More hospices are expanding their advance care planning services as they ramp up participation in value-based payment programs such as Medicare Advantage, direct contracting and participation in Accountable Care Organizations. Several value-based models incorporate advance care planning, which is associated with reductions in the total cost of care and improvements in overall hospice utilization rates.
Advance care planning has been shown to significantly impact the quality and experience when a patient reaches life’s final stages, yet these conversations are often difficult to broach and involve breaking down walls such as public misperceptions around end-of-life and serious illness care. Having advance care planning discussions can be an introduction to hospice and palliative care for patients and their families, while also presenting more opportunities for providers to connect with patients earlier in their illness trajectories.
“Advance care planning is really the off-ramp, entry point or gateway into hospice,” Ryan Van Wert, M.D., president and CEO of Vynca, told Hospice News. “If hospices are looking to engage the greatest number of patients at the appropriate time to benefit from their services, then advance care planning is a primary way in which that goal can be achieved. Most people prefer to have less aggressive care as they move through serious illness, and that means providing the highest quality care by empowering an individual to receive the care that they want.”
Having early and ongoing advance care planning conversations has been positively associated with family satisfaction of end-of-life care, fewer in-hospital deaths, reduced unplanned hospital admissions and shorter hospital stays, according to a study in the March 2019 issue of the Journal of the American Medical Directors Association. Research indicates that advance care planning can reduce hospitalizations by as much as 26%, reduce health care costs, increase community-based palliative care and hospice utilization, as well as significantly increase the likelihood that care will be delivered in accordance with the patient’s wishes.
Hospices have wrangled with barriers in existing public policy and public perception that limit growth of these services, but a turning tide in value-based payment models taking effect this year may have sweeping impacts in expanding advance care planning practices. Participation in these models can help hospices take a more active role in advance care planning.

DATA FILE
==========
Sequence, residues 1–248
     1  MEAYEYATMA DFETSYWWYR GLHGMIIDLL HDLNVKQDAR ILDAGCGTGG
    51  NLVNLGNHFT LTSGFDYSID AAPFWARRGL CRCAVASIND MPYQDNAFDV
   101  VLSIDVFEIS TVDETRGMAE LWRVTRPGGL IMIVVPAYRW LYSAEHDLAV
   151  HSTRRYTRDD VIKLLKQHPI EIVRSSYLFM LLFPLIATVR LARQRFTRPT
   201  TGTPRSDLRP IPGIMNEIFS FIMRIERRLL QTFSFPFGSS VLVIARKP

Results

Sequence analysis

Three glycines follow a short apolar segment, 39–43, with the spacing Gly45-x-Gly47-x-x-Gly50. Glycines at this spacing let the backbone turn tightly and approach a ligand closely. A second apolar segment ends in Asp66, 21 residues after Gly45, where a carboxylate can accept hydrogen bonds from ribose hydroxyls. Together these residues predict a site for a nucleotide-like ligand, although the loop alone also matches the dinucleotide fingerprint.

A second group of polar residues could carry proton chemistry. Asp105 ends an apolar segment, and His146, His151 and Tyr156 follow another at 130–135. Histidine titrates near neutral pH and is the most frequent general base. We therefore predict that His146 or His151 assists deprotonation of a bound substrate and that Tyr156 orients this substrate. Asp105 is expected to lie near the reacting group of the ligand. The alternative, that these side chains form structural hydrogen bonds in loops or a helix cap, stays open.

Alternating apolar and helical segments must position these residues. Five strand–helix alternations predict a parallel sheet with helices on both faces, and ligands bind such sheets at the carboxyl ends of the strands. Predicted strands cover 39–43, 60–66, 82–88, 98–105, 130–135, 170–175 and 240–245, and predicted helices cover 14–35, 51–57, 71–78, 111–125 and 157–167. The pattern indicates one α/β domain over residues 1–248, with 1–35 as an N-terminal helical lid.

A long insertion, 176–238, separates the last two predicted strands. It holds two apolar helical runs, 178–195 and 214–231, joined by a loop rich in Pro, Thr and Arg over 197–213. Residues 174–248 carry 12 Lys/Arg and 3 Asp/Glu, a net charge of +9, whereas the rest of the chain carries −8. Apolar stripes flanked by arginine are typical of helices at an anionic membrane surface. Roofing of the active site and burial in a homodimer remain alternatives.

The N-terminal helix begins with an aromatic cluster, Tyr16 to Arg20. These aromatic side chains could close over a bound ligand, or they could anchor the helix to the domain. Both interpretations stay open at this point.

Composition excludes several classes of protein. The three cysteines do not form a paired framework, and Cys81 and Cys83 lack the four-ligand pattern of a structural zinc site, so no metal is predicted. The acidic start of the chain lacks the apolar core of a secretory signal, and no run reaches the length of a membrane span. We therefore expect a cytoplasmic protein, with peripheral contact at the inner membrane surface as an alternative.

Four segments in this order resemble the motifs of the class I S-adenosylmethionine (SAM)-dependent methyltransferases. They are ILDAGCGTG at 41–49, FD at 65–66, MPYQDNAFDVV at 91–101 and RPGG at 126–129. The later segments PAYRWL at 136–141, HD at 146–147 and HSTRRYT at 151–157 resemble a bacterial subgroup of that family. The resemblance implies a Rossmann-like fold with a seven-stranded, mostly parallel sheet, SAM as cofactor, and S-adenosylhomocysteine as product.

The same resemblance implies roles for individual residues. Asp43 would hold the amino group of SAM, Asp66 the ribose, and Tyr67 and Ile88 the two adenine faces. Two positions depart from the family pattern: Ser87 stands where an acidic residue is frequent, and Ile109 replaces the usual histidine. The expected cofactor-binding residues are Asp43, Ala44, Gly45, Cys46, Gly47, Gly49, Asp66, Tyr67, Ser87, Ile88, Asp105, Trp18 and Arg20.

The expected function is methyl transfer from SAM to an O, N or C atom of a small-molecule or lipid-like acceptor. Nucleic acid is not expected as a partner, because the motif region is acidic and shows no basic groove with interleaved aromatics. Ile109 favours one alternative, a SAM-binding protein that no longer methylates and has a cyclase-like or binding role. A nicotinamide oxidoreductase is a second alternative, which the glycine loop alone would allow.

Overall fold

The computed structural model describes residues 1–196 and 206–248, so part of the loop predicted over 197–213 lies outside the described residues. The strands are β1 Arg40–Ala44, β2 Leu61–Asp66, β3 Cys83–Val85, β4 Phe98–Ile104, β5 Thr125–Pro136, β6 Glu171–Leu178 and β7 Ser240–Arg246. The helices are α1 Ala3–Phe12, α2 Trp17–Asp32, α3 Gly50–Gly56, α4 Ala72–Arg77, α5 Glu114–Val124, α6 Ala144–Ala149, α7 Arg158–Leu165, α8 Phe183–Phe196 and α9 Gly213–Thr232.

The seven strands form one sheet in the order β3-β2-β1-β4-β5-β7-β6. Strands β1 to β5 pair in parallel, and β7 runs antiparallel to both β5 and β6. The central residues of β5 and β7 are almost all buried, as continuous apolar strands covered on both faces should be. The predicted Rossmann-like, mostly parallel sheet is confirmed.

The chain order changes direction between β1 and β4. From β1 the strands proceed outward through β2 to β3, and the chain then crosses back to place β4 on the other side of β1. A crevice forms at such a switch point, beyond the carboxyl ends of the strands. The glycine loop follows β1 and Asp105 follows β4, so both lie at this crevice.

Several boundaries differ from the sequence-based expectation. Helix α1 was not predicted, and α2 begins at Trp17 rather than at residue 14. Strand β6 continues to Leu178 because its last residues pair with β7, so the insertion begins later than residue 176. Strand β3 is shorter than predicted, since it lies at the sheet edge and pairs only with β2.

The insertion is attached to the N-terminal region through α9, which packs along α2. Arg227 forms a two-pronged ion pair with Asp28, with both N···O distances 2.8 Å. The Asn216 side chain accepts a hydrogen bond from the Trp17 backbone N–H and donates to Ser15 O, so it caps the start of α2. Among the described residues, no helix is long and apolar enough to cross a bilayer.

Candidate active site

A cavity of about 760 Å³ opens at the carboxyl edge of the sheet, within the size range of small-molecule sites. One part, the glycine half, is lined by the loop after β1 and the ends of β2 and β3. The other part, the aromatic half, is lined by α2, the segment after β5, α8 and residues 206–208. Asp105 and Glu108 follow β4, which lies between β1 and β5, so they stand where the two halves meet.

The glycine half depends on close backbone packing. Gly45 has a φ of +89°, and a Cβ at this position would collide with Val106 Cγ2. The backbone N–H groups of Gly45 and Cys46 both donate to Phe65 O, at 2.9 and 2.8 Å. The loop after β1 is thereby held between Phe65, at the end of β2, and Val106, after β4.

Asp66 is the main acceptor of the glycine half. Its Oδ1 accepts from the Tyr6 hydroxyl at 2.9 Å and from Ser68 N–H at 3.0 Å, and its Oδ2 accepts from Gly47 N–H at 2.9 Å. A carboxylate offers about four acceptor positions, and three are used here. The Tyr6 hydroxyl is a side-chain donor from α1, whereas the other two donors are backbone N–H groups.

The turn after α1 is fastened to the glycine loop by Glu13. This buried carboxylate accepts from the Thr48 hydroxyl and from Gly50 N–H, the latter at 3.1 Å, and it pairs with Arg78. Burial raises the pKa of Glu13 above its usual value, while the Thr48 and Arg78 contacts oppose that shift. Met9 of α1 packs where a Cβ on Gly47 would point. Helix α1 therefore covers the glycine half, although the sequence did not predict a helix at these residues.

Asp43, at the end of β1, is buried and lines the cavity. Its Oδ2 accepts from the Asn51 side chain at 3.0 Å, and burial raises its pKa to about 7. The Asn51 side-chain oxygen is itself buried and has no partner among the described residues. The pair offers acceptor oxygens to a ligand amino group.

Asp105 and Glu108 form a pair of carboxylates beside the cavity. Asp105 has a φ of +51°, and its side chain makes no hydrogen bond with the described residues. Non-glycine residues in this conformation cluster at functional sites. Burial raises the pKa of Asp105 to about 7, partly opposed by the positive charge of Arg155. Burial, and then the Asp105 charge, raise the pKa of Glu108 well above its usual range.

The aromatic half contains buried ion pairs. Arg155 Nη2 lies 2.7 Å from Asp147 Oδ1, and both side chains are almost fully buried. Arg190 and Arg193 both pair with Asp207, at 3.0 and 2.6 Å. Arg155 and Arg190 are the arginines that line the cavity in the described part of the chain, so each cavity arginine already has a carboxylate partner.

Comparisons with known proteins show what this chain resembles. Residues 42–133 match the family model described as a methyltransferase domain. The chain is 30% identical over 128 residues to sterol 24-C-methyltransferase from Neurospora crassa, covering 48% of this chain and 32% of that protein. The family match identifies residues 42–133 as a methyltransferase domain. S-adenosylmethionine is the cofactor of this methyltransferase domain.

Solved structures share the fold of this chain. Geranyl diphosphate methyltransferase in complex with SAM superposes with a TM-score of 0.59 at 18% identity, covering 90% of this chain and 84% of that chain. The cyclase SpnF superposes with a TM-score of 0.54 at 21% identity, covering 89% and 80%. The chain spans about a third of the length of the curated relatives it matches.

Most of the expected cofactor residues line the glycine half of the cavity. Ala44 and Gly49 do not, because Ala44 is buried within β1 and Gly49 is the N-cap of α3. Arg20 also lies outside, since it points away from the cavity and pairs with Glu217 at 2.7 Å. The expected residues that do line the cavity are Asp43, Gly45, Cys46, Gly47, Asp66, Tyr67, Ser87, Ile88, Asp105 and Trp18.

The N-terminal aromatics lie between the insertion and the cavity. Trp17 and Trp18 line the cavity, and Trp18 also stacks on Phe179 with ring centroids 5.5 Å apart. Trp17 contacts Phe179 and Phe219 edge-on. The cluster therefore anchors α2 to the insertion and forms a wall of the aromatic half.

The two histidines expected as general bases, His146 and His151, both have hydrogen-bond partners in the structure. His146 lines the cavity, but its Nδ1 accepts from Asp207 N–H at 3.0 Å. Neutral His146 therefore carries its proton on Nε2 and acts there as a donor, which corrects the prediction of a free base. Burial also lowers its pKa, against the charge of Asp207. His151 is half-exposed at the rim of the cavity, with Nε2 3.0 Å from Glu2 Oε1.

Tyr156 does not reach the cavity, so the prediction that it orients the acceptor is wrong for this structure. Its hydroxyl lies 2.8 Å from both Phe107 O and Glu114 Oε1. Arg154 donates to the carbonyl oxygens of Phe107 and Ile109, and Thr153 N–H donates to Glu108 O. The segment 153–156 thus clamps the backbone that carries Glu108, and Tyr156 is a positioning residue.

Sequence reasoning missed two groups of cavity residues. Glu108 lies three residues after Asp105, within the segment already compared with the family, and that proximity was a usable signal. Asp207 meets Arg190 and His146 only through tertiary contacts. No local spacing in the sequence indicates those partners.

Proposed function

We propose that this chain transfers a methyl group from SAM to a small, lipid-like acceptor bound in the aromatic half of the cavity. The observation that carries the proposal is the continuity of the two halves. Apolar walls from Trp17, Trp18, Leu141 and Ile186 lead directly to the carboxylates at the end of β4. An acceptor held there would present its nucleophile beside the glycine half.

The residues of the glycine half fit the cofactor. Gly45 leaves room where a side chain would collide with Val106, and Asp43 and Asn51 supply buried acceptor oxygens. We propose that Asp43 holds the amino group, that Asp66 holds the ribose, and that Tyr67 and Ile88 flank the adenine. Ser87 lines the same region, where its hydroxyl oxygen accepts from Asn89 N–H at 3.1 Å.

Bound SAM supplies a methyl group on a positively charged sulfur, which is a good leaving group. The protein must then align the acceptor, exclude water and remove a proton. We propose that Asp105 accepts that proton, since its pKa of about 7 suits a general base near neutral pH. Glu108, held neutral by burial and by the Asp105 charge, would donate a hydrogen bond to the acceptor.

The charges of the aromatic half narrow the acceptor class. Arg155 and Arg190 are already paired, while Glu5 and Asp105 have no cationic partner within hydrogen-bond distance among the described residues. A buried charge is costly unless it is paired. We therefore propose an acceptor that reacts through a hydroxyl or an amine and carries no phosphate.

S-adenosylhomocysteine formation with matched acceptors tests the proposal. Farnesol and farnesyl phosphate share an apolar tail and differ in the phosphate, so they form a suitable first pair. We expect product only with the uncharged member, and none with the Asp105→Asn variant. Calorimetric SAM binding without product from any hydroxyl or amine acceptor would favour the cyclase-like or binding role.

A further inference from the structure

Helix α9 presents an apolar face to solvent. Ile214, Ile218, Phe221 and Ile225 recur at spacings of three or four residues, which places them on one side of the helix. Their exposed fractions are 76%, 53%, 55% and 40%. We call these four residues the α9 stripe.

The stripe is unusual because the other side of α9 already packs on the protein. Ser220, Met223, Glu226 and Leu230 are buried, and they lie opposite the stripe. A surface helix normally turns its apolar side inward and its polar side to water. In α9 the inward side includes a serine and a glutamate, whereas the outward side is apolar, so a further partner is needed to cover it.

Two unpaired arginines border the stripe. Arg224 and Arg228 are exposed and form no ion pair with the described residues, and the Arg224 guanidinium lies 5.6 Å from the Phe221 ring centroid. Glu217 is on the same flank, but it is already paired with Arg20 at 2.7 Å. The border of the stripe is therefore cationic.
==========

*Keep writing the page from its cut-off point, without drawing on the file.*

“Unfortunately, most hospices are either leaving advance care planning discussions up to upstream providers, or they have a relatively limited resource allocation in terms of the outreach function to support these goals of care conversations,” said Van Wert. “That’s understandable, because right now there’s really no payment for that kind of service. That’s one of the benefits that will come from things like value-based insurance designs and otherwise.”
Advance care planning discussions are currently reimbursable through Medicare coverage, with these conversations traditionally taking place in physician offices or other primary care settings. Value-based payment programs such as Medicare Advantage that opened up to hospices in 2021 include a range of new avenues for providers to explore, with advance care planning among the reimbursable services.
Commonly called the Medicare Advantage hospice carve-in, the value-based insurance design model may allow hospices to become a part of these conversations with patients and families earlier on by encouraging collaboration among care providers. Others such as the Primary Care First initiative and direct contracting payment programs also have requirements pertaining to advance care planning.
“One of the things about all of the new risk-bearing or value-based payment systems is that they help to normalize and integrate advanced care planning as part of the ongoing patient care process,” said Susan Ponder Stansel, CEO of Alivia Care, a hospice and palliative care provider headquartered in Florida. “Before it became part of how Medicare Advantage was expected to operate, advance care planning was an outlier sort of thing you did in health emergencies or at the end of a patient’s life. This is putting advance care planning into an expectation for all of these value-based programs, and it’s something to continue to focus on.”
CMS has placed a high priority on advance care planning in part to improve patient outcomes and the quality and experience of health care across the board. Hospices can leverage these programs to engage patients further upstream in the course of their illness.
According to Ponder Stansel, value-based care payment systems are opening doors for hospices. However, much work is necessary to identify best practices for advance care planning so that proliferating those services throughout the care continuum is not such a “heavy lift to get done.”
“[Advance care planning] is there as a requirement and an opportunity, but there’s work to be done on best practice for helping it not be such a heavy lift to get done,” Ponder Stansel told Hospice News. “Just because you get paid for it and just because it’s an expectation, that doesn’t mean it’s going to happen at the rate it should across the board. With a lot of value-based plans there is an incentive for everyone involved to try to do this better. CMS is really focusing on high-need patients and on reducing low-value care to high-need patients. There is a lot of treatment and suffering that can go on without benefits before a patient dies without these advance care planning discussions. It’s a public health issue because it impacts everyone.”